The memorial stone of the Salford Northern Cemetery was laid by Alderman Sir Richard Mottram on the 7th July 1901. The 45 acre site including the Grange farmhouse and buildings had been purchased from the Agecroft Hall estate for around £27,000.
In September 1901 the council accepted a tender from Messrs John Smith and Sons of Derby to supply and fit a turret clock in the tower of the Church of England Chapel for £60. In July 1902 the clock was formally set in motion by Councillor Mather of the cemetery committee.
Northern Cemetery was situated just beyond the City boundary on the Northern side and was opened on the 2nd July 1903.It was opened by the Mayor Alderman Stephens. The cost of the land, layout and buildings was £65,732, the whole area consisting of 45 acres.
The cemetery was remarkable for the picturesque view obtained through the archway of the entrance gate, from which could be seen the extensive circular grass plot bearing ornamental flower beds and flowering cherry trees. Behind stands the Church of England Chapel with its massive clock which at the time became a notable land mark in the surrounding district. The grounds were extensively planted with several kinds of trees which include laburnham, ash, thorn, poplar and cherry.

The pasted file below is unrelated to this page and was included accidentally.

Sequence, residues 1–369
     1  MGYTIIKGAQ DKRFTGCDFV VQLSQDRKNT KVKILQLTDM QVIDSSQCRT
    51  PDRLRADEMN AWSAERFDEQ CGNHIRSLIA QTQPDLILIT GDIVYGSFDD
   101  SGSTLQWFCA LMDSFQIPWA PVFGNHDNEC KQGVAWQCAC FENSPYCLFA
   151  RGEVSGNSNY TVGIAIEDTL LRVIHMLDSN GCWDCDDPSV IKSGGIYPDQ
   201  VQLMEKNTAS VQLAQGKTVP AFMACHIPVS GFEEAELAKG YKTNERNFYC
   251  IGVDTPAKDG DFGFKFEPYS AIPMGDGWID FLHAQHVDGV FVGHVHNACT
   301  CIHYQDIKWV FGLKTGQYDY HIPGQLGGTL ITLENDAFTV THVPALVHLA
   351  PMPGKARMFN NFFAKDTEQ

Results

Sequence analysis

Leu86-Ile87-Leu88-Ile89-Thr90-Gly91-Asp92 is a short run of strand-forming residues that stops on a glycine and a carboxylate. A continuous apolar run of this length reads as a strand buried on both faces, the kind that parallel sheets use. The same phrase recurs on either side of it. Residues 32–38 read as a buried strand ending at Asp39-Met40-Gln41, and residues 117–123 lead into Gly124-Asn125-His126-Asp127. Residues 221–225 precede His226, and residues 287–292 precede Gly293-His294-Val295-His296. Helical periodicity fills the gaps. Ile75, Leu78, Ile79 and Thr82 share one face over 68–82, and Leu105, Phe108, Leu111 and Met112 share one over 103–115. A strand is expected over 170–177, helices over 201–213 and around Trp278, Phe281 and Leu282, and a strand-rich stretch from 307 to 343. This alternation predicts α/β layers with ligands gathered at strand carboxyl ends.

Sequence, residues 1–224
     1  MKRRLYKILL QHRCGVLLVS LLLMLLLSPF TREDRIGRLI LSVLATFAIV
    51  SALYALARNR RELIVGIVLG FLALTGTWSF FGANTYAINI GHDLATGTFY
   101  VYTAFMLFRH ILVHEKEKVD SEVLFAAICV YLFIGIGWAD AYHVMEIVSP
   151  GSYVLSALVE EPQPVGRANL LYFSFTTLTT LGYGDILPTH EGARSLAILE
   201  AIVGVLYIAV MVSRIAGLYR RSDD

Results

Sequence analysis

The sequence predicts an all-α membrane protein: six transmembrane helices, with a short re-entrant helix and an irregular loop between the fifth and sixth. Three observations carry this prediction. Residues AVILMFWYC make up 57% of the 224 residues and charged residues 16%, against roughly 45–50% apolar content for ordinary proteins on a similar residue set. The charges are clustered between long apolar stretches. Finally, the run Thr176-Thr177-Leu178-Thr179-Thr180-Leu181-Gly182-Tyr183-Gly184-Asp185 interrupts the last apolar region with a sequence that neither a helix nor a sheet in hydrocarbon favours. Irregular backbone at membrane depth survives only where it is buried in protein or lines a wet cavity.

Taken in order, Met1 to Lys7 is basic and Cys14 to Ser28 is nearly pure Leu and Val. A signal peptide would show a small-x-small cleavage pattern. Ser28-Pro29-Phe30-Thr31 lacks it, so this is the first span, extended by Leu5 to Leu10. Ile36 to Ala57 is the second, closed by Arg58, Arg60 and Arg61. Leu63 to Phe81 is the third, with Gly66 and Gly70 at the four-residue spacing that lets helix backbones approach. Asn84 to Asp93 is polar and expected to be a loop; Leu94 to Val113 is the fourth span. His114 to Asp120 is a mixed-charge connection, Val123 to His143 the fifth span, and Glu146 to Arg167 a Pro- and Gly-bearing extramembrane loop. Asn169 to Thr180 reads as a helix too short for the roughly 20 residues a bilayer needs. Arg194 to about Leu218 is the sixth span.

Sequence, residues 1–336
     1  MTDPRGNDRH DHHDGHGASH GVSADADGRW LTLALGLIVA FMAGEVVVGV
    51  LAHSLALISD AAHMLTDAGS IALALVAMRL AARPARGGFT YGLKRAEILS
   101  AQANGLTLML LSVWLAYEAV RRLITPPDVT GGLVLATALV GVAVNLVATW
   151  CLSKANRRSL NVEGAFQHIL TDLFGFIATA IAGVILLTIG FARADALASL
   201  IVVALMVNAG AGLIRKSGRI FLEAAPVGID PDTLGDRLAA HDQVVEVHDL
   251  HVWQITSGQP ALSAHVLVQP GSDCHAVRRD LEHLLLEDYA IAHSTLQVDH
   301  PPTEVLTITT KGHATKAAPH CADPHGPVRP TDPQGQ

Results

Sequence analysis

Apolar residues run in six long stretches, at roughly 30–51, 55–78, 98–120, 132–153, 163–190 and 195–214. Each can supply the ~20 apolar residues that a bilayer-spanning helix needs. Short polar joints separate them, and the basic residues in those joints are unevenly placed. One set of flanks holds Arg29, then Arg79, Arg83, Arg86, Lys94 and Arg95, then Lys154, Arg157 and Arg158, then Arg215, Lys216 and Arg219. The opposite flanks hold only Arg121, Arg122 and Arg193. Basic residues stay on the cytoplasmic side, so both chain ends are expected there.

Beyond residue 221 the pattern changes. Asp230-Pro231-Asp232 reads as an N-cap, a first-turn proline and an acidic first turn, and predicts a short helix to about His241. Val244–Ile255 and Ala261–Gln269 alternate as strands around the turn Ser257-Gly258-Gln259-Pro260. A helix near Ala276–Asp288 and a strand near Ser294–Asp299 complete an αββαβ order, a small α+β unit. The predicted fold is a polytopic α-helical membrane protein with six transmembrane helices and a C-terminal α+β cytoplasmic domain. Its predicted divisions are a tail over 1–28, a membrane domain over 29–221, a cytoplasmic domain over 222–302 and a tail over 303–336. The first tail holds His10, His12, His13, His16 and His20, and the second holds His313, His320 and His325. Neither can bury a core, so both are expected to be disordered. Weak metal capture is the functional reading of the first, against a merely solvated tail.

The first interment took place in July 1903, the deceased person was Mary Hawtin aged 25 from Hightown and she was buried in a common grave. In April 1903 the Bishop of Manchester consecrated the land allocated for the Church of England interments. At this time it was noted in the Salford Reporter, that "the area which once could lay claim to great natural beauty is now surrounded by a forest of tall chimneys and manufacturing works, but there is still some reminders of the past: Agecroft Hall, a quaint Elizabethan mansion and Kersal Cell , one time home of the Byrom family, were in the vicinity".